If you use pure stevia powder or drops, know that their concentration can make it difficult to use them recipes when converting from sugar. Even then, the exact conversion amount can vary by brand, so check the product label for conversions if available. Stevia extract also comes in the form of drops, in which the active compounds are suspended in liquid. The conversion for these varies even more greatly than it does for the powder, so again you’d need to check the label to accurately determine how much you’d need.
Stevia does not raise blood glucose levels or have side effects. In fact, more recent studies have shown that it has anti-diabetic and antioxidant properties.
The main issue with stevia is that it can have a bitter aftertaste, which is worse when using larger quantities. Blending it with other sweeteners, like erythritol, can help. Many people also find that they prefer one brand of stevia over another, so it’s worth experimenting to find one that you like.
Recommended brands of pure concentrated stevia:
- Now Foods Organic Stevia Powder – concentrated stevia extract powder
- NuNaturals NuStevia Stevia Extract – concentrated stevia extract powder
- NuNaturals NuStevia Liquid Stevia – concentrated stevia extract in liquid form
- SweetLeaf Sweet Drops Liquid Stevia – concentrated stevia extract in liquid form
Recommended stevia blends:
- Sukrin :1 – blend of erythritol and stevia
- Sukrin Gold – blend of erythritol, tagatose, glycerol, malt extract and stevia (brown sugar substitute)
- THM Gentle Sweet Blend – blend of xylitol, erythritol, and stevia
- THM Super Sweet Blend – blend of erythritol and stevia
- Truvia Spoonable – blend of erythritol and stevia
- Pyure All-Purpose Blend – blend of erythritol and stevia
- Natural Mate All-Purpose Sweetener – blend of erythritol and stevia
b) Monk fruit
Monk fruit, also known as luo han guo, is a round green melon native to central Asia. It has been used in traditional Chinese medicine for at least hundreds of years, with applications including treatment of diabetes and respiratory illnesses.
Like stevia extract, monk fruit extract is very concentrated – about 200 to 300 times sweeter than sugar – and does not raise blood glucose levels. Also like stevia, monk fruit based products tend to be mixed with other sweeteners or bulking agents. This is probably in part because pure monk fruit extract is hard to come by and expensive.
In contrast to stevia, monk fruit extract does not have an aftertaste. This makes it a good choice for people sensitive to the aftertaste of stevia.
Recommended brands of monk fruit extract:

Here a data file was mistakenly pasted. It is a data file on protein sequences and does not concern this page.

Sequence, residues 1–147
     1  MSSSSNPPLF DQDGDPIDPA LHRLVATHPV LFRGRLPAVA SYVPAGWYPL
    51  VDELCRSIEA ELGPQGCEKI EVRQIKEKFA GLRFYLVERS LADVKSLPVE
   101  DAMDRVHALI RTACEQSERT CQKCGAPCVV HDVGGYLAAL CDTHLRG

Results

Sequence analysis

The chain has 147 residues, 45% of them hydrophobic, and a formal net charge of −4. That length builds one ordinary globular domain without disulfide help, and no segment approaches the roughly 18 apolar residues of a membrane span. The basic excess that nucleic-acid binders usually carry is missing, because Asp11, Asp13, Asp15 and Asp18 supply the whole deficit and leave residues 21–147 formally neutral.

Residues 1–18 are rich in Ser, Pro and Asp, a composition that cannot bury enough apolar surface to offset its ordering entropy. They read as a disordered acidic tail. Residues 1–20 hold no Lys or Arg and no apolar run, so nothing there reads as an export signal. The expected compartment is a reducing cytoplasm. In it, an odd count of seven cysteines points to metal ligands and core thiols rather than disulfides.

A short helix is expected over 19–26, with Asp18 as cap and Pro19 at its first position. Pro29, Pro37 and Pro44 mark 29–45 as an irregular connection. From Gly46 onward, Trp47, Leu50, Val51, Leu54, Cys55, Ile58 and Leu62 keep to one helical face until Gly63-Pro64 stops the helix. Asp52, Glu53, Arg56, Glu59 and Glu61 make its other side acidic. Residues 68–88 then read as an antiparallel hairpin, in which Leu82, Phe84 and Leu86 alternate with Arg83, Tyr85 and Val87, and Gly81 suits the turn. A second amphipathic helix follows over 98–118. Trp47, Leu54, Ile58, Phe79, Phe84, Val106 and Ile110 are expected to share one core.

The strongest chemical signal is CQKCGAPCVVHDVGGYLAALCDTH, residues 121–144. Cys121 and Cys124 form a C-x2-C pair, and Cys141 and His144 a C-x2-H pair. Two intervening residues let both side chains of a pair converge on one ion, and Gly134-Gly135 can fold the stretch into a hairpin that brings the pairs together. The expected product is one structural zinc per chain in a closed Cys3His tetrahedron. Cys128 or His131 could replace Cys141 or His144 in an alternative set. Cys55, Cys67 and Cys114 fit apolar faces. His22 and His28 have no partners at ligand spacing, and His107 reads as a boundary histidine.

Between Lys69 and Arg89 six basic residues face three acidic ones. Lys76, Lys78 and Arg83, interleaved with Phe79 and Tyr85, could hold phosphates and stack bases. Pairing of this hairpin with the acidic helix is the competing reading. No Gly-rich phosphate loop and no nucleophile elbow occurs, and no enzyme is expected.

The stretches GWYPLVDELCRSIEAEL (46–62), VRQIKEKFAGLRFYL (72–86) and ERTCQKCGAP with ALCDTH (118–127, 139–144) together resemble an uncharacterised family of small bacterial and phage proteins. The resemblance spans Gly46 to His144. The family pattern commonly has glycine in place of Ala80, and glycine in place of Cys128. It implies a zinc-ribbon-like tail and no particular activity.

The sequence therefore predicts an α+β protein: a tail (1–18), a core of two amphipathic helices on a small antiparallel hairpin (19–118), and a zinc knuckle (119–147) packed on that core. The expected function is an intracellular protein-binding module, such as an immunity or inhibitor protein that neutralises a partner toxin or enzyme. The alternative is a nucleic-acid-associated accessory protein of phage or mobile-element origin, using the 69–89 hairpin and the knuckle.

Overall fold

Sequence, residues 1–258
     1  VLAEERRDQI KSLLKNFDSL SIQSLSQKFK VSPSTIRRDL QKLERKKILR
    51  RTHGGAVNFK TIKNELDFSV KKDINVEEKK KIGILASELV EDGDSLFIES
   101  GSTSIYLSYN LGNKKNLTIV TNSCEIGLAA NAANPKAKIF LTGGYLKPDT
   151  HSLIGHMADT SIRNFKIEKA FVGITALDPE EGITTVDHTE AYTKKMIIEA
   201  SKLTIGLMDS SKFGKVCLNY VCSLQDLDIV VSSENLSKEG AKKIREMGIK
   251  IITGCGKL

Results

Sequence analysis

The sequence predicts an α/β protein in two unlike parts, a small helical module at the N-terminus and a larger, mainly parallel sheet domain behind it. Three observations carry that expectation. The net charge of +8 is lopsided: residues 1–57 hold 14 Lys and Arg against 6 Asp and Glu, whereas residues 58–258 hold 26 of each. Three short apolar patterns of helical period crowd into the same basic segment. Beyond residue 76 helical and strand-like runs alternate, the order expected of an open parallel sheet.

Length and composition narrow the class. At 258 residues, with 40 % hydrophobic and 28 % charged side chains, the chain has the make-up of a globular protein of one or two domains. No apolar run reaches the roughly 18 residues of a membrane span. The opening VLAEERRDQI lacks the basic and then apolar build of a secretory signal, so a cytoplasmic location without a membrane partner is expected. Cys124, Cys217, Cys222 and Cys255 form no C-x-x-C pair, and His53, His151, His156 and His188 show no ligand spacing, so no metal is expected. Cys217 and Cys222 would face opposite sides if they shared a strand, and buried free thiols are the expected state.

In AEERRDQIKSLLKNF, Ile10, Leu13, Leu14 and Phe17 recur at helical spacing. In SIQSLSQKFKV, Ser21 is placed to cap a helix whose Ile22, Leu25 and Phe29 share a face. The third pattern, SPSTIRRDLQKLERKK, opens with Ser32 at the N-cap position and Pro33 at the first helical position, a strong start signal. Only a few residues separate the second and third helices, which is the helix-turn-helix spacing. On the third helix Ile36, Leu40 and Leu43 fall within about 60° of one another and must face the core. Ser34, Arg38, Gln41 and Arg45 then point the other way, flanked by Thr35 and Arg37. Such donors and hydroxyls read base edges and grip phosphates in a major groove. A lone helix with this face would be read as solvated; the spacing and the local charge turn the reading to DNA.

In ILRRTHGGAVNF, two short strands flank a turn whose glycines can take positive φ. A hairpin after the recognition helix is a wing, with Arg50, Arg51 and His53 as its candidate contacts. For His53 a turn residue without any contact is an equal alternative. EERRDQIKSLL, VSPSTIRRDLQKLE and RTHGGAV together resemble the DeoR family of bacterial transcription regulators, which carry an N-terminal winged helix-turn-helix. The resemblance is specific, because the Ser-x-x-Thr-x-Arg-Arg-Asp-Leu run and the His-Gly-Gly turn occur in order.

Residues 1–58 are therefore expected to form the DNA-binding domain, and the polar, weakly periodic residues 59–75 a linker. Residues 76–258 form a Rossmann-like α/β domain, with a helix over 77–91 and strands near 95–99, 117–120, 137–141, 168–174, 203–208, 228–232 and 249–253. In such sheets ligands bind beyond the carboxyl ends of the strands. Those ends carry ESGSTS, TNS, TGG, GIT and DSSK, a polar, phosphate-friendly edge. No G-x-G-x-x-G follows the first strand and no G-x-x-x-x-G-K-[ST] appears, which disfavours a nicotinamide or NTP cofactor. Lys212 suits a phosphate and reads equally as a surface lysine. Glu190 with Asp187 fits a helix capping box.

- Pure Monk – concentrated pure monk fruit extract powder
- Swanson Purelo Lo Han Sweetener – blend of monk fruit concentrate, inulin, and silica
- Lakanto Monkfruit Sweetener Classic – blend of erythritol and monk fruit extract
Lakanto Monkfruit Sweetener Golden – blend of erythritol and monk fruit extract (brown sugar substitute)
- MonkSweet Plus – blend of erythritol, stevia, and monk fruit extract
c) Chicory root
Chicory root is most commonly known as the root of the Belgian endive plant and has long been used as a coffee substitute. It contains soluble fibers called inulin and fructooligosaccharides (FOS), both of which are responsible for sweetening. Inulin and other forms of oligosaccharides are also found in many other plants, but they are most concentrated in chicory root.
Oligosaccharides, including inulin, fructooligosaccharides, and isomaltooligosaccharides (IMO) do not raise blood sugar or cause stomach upset in most people, when used in reasonable amounts. In fact, these prebiotic fibers can promote beneficial flora in the intestines.
Chicory root fiber can be used cup-for-cup like sugar. However, it can have an aftertaste for some people, so is best when blended with other sweeteners. There are also other oligosaccharide sweeteners that come in syrup form, which is incredibly useful for cooking applications that can benefit from a liquid sweetener or even a binder.
Recommended brands of chicory root & oligosaccharides:
- LC Foods Inulin Fiber – pure inulin fiber from chicory root
- Sukrin Fiber Syrup Clear – pure isomaltooligosaccharides (IMO)
- Sukrin Fiber Syrup Gold – blend of isomaltooligosaccharides (IMO), malt extract and steviol glycosides
- Just Like Sugar Table Top – chicory root fiber with trace amounts of calcium and orange peel
- Just Like Sugar Brown – chicory root fiber with trace amounts of calcium, orange peel, and molasses natural flavor (brown sugar substitute)
3. Natural Sugar-based Sweeteners
Natural sweeteners in this category are not sugar-free, even though they are sometimes used in recipes that are promoted as such. These include granular sweeteners like coconut sugar and date sugar, as well as syrups such as maple syrup, honey, rice syrup, agave syrup, and blackstrap molasses.